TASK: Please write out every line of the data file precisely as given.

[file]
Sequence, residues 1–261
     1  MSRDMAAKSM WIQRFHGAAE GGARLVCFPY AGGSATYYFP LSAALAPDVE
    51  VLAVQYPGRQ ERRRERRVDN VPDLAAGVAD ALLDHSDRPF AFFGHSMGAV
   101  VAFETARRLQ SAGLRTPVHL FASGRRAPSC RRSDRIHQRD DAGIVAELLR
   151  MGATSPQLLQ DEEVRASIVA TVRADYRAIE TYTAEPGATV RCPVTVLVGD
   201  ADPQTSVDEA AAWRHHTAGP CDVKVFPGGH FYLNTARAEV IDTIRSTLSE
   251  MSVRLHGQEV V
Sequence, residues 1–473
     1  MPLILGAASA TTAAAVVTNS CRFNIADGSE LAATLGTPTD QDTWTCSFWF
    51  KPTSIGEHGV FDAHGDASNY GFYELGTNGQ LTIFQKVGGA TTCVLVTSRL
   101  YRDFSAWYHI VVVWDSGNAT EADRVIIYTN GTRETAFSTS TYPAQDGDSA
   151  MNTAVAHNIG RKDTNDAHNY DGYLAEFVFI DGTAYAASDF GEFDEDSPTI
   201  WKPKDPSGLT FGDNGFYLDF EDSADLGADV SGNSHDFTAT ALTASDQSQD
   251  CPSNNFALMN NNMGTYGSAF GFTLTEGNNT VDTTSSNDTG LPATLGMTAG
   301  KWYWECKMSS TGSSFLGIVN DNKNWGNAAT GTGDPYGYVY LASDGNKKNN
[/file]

Sequence, residues 1–261
     1  MSRDMAAKSM WIQRFHGAAE GGARLVCFPY AGGSATYYFP LSAALAPDVE
    51  VLAVQYPGRQ ERRRERRVDN VPDLAAGVAD ALLDHSDRPF AFFGHSMGAV
   101  VAFETARRLQ SAGLRTPVHL FASGRRAPSC RRSDRIHQRD DAGIVAELLR
   151  MGATSPQLLQ DEEVRASIVA TVRADYRAIE TYTAEPGATV RCPVTVLVGD
   201  ADPQTSVDEA AAWRHHTAGP CDVKVFPGGH FYLNTARAEV IDTIRSTLSE
   251  MSVRLHGQEV V
Sequence, residues 1–473
     1  MPLILGAASA TTAAAVVTNS CRFNIADGSE LAATLGTPTD QDTWTCSFWF
    51  KPTSIGEHGV FDAHGDASNY GFYELGTNGQ LTIFQKVGGA TTCVLVTSRL
   101  YRDFSAWYHI VVVWDSGNAT EADRVIIYTN GTRETAFSTS TYPAQDGDSA
   151  MNTAVAHNIG RKDTNDAHNY DGYLAEFVFI DGTAYAASDF GEFDEDSPTI
   201  WKPKDPSGLT FGDNGFYLDF EDSADLGADV SGNSHDFTAT ALTASDQSQD
   251  CPSNNFALMN NNMGTYGSAF GFTLTEGNNT VDTTSSNDTG LPATLGMTAG
   301  KWYWECKMSS TGSSFLGIVN DNKNWGNAAT GTGDPYGYVY LASDGNKKNN